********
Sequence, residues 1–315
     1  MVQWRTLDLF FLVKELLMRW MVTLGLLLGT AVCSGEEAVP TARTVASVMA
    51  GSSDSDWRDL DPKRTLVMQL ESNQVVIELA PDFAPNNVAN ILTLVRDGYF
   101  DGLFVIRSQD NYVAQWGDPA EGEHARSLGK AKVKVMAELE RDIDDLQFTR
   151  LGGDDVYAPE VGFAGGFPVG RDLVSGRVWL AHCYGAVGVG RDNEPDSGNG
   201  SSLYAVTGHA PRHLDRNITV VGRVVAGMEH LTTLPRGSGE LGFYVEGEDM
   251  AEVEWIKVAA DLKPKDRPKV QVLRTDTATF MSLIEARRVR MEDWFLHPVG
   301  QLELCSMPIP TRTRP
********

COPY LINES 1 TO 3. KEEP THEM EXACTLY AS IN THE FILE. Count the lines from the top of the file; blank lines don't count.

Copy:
Sequence, residues 1–315
     1  MVQWRTLDLF FLVKELLMRW MVTLGLLLGT AVCSGEEAVP TARTVASVMA
    51  GSSDSDWRDL DPKRTLVMQL ESNQVVIELA PDFAPNNVAN ILTLVRDGYF